This week I worked my first senior health fair since COVID stopped the events from happening.
My morning hadn’t gone as planned, and I really felt I needed to be somewhere else instead of at the event. I walked in to setup 5 minutes before the event was opening, and I had a lady standing there waiting to learn what I had to offer as soon I was setup. Before we began talking about how to do chest compressions, two of her friends were also at the booth ready to learn.
“This is going to be better than I expected,” I thought, as I chastised myself for thinking it was going to be another “trick or treat for adults” event.
My enthusiasm was short lived. Throughout the next three hours, less than five more people had any real interest in obtaining knowledge. They all simply wanted my signature on a bingo-style sheet that would allow them to win a door prize.
To be honest, after my eighth time of signing a piece of paper and hearing the words similar to, “I took CPR 15 years ago, I don’t need a refresher,” as they walked off before I could tell them why they were wrong, I was frustrated.
In my mind, solving the reason I had been in essence late was a much better use of my time than applying my signature to a piece of paper surrounded by people who already felt the knew everything. Plus, my phone kept going off with TXTs and voicemails of people who needed my assistance. I wanted to be anywhere but where I was.
“Health fairs are stupid. I won’t miss doing these,” I TXT my husband.
“I bet. They are usually just grab stuff and run,” he wrote back.
About an hour before the event was over, I noticed the very first woman who walked by my booth standing in the middle of the aisle. Tears were slowly falling out of her eyes and rolling down her face. No one seemed to notice.
“Excuse me ma’am. Are you okay?” I asked.
“No,” she replied.
“Do you need to sit down and talk to someone?” I asked.
“I would appreciate that,” she said.
For the next 20 minutes, she told me a lot about her life. But the heart of her problem came down to a new lady that had moved into the community. The new lady had made friends with her “best friend”, and she felt left out.
“I don’t want to give her anything anymore, and I don’t want to be her friend anymore if she doesn’t have time for me. Is that wrong? She told me vengeance is from the devil,” the woman told me, as she explained how the trio I had met at the start of the event had been a duo just a few weeks earlier.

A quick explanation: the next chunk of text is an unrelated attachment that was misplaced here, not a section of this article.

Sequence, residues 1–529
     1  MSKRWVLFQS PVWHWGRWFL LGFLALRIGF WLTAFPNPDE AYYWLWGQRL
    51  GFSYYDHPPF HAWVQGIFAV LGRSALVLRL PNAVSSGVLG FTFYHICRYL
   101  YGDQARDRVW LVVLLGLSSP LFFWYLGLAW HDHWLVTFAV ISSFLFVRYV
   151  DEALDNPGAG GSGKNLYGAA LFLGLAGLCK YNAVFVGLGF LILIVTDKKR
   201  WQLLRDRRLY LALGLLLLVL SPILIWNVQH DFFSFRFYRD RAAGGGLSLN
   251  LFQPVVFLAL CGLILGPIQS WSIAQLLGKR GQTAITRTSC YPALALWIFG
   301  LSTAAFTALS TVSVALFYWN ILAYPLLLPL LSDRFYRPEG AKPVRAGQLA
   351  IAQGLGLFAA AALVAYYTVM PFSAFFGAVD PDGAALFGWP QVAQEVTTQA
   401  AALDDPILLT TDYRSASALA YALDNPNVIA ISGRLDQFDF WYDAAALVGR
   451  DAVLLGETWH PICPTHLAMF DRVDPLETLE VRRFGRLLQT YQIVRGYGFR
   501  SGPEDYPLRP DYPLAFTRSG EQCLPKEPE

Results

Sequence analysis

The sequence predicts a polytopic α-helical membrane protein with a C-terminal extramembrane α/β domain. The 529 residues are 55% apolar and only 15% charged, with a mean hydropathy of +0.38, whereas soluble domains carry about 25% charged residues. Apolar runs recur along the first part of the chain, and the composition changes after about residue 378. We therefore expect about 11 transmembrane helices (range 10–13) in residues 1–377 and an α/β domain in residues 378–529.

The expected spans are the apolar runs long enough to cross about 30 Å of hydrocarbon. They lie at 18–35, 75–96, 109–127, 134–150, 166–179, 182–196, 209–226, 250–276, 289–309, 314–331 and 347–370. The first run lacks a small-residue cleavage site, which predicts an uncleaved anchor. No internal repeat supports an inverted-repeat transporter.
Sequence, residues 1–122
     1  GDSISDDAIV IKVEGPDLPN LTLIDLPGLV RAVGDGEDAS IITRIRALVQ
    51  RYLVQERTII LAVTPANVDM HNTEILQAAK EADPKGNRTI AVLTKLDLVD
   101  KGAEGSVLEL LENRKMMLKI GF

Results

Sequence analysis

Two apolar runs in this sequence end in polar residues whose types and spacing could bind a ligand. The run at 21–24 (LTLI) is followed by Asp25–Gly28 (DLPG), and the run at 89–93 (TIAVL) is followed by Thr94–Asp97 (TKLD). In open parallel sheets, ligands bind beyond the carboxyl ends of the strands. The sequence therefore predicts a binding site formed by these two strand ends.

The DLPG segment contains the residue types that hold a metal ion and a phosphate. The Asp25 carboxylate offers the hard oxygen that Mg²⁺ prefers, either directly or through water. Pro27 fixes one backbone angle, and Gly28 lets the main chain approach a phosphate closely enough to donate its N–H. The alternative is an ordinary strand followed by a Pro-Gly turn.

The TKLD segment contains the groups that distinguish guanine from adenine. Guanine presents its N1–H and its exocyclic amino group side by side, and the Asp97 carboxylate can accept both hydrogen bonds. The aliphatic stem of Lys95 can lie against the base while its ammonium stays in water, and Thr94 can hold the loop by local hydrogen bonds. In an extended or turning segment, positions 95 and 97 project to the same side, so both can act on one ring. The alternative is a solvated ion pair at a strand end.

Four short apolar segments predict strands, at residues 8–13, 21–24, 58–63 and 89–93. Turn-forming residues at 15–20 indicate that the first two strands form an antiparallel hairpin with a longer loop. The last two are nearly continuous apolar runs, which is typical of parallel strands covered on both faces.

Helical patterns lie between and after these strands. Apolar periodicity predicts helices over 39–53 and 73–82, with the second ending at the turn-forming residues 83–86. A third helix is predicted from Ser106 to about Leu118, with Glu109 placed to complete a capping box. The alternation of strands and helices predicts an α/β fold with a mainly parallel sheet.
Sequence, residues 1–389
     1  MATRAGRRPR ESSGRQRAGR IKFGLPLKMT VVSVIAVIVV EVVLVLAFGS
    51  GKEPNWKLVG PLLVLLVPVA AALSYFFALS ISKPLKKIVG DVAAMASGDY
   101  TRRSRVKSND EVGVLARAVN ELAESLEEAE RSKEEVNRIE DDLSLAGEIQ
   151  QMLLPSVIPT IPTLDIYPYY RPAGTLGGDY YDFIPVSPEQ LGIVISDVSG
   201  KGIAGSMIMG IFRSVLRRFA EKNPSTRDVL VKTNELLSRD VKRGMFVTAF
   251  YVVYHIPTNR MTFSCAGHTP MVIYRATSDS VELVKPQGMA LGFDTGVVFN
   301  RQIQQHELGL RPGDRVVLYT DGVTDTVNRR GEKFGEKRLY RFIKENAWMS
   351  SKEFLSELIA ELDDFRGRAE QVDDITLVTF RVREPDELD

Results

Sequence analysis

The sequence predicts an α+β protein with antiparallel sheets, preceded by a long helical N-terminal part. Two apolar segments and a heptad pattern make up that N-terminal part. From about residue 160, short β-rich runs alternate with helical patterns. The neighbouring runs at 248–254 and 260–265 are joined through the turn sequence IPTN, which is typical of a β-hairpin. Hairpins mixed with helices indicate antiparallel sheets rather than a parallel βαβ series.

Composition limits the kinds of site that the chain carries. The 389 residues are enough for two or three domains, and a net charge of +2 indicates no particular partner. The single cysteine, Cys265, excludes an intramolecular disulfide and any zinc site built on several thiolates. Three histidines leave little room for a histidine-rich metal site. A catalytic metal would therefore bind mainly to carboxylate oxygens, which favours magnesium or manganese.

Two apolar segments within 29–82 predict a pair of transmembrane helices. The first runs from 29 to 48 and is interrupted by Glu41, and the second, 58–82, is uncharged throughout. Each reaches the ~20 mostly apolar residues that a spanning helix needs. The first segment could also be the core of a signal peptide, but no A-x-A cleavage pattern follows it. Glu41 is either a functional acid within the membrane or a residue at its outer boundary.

“Are you a Christian?” I asked her.
“I am, but I don’t go to Bible Study anymore because another lady who runs it told me I’m not joyful enough to be a Christian,” she responded.
“Good news for you,” I responded. “Only Christ can judge if you have what it takes to be a Christian. So don’t let someone else’s judgement keep you from studying with other Christians. Her judgement is just as much of sign of being broken as your lack of joy at times is. That’s what’s great about being a Christian. God loves us despite our brokenness.”
Then I asked her, “Is it safe to say the tears I see today are because you’re a bit jealous of the time your friend is spending with someone new instead of you?”
“Yes,” she replied, as the tears fell more.
“Do you ever think God feels the same way about your relationship with him? Do you ever find a new friend or activity and put it in place of talking to him?”
She looked me straight in the eyes for the first time and said, “Yes.”
“But God doesn’t tell us he won’t love us anymore in those moments. He keeps protecting us from afar. And the moment we return to Him in prayer, we expect him to love us just the same as He did the day we stopped giving him the attention he deserves. Would you agree?”
She didn’t say anything.
“God forgives. Jesus told us the greatest commandment was to love God and love people. He didn’t tell us to be jealous when people don’t have time for us. He didn’t tell us to withhold love when we don’t get what we need. He taught us to love people. He taught us to forgive others. What do you think about that?”
I let the silence sit there for a minute.
As she began to stand, I thought I had really screwed up my words of wisdom.
“I see my friends, and I think I need to go back over there with them,” she replied. “I am so sorry I cried.”
“Someone told me recently the last piece of advice I will give you,” I responded with a smile. As I gave her a hug I shared these words, “Never apologize for crying. It shows humility.”
As she walked away, I realized God puts us in places we may not want to be to help others. So what if I only taught 5 people how to do chest compressions in three hours. So what if people were waiting for me to call them back or answer a message. God knew where He needed me that day, and I wasn’t afraid to speak His truth when He needed me to share it. His timing and where He places us always has a purpose.